Update (November 22, 2107): The case, described below, involved a worker, Nereus Montemayor, who climbed into an extruder, a giant meat grinder (more or less), which had been jammed. Another worker, not knowing Mr. Montemayor was inside the meat grinder, fired up the machine. Mr. Montemayor was badly injured.
The case has been up to the Minnesota Supreme Court and back down to the trial court once already. On its first visit to the Supreme Court, the Supreme Court reversed summary judgment in the machine manufacturer’s favor.
On remand, the trial court judge, Chief Judge Jodi L. Williamson in Dodge County, again ruled in favor of the machine manufacturer on a motion for summary judgment. This time, the Minnesota Court of Appeals reversed the trial court’s second grant of summary judgment.
Our concern about the defendants’ argument the first time around, referred to in the original subject line of this post (“DO NOT ENTER” and “WHEN YOU ENTER, BE CAREFUL”), was the inconsistent warning on the machine. The Court of Appeals did not find any merit in that critique since Mr. Montemayor apparently did not read the warning(s) so he could not complain about their inconsistency. But, in Round #2, the Court of Appeals reversed summary judgment in favor of the manufacturer. Plaintiff’s design expert will testify that a start-up alarm or start-up delay would have been feasible and would have prevented the accident. This testimony gets the plaintiff past defendants’ motion for summary judgment.
We’ll see if the manufacturer seeks Minnesota Supreme Court review again and, if so, whether the Minnesota Supreme Court takes the case. (Our bets: no and no.)
The Court of Appeals’ decision makes a lot of sense. Stop a second and get your head around the number of injuries that have been prevented by vehicle backup alarms. (Interestingly, the federal workplace safety regulator, OSHA, does not require vehicles to include backup alarms but they do have regulations prohibiting removal of them if installed by the manufacturer.) How expensive could a start-up warning be on a human-sized meat-grinder? The cost of such devices seems minimal when weighed against the cost of injuries they prevent.
This “close case” is a major win for Minnesota product liability plaintiffs and, as stated in our previous post, below, one that we had been rooting for.
Justice Gildea’s dissent powerfully argues that the manufacturer could not have foreseen the employer’s and multiple employees’ multiple mis-steps (and OSHA violations). “The majority essentially imposes a duty on manufacturers to design an ‘accident-proof or fool-proof’ product,” Justice Gildea concludes, a duty that our law does not impose. (Maybe it should?)
An extruder is designed to separate liquid from solid mass. Materials are loaded into an area called the hopper. A hydraulic ram then compresses the materials, forcing them into a perforated discharge chute. At the bottom of the discharge chute, a hydraulically powered door (the plenum) lowers to hold the materials under pressure to condense the remaining materials….[These are used] for the purpose of extracting liquid from food waste to be used in hog feed.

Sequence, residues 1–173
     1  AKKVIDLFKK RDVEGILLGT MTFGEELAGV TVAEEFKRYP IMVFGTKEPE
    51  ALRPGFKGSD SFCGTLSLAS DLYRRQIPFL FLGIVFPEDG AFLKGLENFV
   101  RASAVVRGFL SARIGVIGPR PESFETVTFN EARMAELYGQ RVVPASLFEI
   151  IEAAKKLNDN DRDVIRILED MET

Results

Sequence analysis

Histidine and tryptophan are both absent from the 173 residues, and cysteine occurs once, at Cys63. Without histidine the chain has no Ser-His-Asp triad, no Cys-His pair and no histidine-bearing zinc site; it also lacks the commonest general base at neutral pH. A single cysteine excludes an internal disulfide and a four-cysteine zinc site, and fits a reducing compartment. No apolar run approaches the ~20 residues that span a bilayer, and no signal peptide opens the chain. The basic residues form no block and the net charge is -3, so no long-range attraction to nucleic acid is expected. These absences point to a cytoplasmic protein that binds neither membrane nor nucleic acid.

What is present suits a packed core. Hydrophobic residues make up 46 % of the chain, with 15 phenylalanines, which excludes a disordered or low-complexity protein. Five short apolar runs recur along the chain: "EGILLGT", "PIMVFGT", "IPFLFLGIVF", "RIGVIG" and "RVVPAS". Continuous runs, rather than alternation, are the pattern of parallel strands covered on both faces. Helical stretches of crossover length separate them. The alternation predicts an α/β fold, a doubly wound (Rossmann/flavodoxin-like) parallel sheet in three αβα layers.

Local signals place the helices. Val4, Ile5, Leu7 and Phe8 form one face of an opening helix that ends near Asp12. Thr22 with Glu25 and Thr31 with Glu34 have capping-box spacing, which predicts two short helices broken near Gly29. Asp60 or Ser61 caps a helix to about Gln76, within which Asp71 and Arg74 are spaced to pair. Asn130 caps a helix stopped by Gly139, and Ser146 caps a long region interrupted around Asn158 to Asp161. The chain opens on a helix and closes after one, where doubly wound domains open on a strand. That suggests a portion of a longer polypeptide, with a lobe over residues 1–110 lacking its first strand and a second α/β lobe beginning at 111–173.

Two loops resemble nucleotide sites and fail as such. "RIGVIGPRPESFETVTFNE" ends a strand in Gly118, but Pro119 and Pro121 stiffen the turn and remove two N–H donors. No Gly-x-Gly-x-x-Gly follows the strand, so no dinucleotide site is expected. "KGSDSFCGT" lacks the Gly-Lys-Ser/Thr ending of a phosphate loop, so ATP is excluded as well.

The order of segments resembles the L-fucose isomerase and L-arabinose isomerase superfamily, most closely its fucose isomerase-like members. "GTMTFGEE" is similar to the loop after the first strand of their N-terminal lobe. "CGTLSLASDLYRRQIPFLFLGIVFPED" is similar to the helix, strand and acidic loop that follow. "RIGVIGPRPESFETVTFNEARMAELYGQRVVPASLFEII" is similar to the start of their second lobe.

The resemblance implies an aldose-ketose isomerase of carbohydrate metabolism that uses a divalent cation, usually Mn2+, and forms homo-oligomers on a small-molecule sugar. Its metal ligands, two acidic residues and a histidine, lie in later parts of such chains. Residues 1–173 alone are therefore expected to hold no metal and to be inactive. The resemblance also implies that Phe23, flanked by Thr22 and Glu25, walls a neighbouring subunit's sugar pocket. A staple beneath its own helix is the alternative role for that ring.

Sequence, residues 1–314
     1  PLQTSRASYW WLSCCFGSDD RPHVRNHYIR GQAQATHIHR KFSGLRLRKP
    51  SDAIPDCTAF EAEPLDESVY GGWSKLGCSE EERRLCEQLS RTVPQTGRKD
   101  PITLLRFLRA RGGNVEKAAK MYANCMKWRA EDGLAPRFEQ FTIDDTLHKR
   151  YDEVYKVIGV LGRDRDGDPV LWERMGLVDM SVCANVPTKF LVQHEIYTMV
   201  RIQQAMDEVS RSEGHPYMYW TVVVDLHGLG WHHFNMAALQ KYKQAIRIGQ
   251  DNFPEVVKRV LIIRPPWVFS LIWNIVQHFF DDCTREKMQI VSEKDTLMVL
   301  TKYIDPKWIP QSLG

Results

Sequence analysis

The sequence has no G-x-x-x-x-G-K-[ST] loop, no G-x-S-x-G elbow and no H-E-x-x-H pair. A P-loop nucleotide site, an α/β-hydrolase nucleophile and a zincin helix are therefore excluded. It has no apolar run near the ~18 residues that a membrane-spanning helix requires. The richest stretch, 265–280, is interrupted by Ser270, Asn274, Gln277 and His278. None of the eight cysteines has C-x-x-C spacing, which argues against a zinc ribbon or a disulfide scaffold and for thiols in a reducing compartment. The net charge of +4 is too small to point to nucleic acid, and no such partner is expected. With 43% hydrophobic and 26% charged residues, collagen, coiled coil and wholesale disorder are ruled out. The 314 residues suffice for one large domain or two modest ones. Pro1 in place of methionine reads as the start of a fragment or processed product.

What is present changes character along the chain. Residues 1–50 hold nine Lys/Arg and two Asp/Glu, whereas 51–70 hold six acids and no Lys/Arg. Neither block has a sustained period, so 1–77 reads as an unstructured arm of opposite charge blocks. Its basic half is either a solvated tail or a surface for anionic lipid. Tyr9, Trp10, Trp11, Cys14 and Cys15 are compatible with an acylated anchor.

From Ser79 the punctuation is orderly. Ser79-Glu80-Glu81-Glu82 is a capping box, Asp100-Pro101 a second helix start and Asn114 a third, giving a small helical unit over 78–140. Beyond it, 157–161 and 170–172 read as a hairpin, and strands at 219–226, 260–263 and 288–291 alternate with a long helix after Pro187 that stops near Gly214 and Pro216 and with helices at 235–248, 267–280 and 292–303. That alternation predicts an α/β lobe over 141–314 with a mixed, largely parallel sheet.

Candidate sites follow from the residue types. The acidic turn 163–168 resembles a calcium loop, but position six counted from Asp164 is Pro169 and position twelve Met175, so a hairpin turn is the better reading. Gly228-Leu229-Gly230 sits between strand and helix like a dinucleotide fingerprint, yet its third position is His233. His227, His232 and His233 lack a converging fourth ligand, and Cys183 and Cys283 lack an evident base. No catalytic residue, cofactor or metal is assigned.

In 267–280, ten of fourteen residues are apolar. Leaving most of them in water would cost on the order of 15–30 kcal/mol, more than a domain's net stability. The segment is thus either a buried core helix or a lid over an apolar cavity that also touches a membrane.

Mr. Nereus Montemayor lost both of his legs above the knee when he entered into a jammed Bright Technologies high-density extruder to unjam the machine and a co-worker turned on the extruder with Mr. Montemayor inside it.
Was this life-changing accident sufficiently “foreseeable” to the manufacturer that a products liability lawsuit against it should survive its motion for summary judgment?
The law struggles with the notion of foreseeability because it depends on facts and circumstances and the hypothetical specificity with which an event might or might not have been anticipated. The manufacturer obviously could not have foreseen every detail of Mr. Montemayor’s accident. On the other hand, (1) Was it foreseeable that the extruder would jam? (yes); (2) Was it foreseeable that a human would climb into the machine to try to unjam it? (perhaps a jury might think so).
Even the machine’s posted warnings (“Do Not Enter” and “Follow Lockout/Tagout Procedures Before Entering”), though inconsistent, were tacit admissions that the manufacturer did foresee people climbing into the machine. Mr. Montemayor, incidentally, said that he did not see the warning signs.
Should manufacturers of machines capable of maiming or killing their human operators be required to foresee and, if economically feasible, incorporate design features to guard against such terrible accidents? The district court held that the manufacturer owed no duty to Mr. Montemayor because “the accident was not reasonably foreseeable.” The Minnesota Court of Appeals affirmed.
Plaintiff’s counsel sought review by the Minnesota Supreme Court, arguing that the lower court’s “constellation of circumstances” standard of foreseeability was a new and imaginary standard of foreseeability that could never be met. Counsel for the machine manufacturer countered that the district court did not apply any “new standard.” According to counsel for Bright Technologies, the lower courts simply applied “the well-settled standard that there is no duty when the connection between the alleged negligent act and the accident is too remote to impose liability….”
The Minnesota Supreme Court granted the Plaintiff’s petition for review. I predict that it will and believe that it should reverse. Manufacturers of obviously extremely dangerous machines are very much aware of so-called “foreseeable misuse” of their products. I do not know whether there was a feasible alternative design that would have avoided this accident; if there was and if Bright Technologies could have feasibly implemented such a design but failed to, then its liability seems consistent with basic U.S. 20th and 21st century product liability law.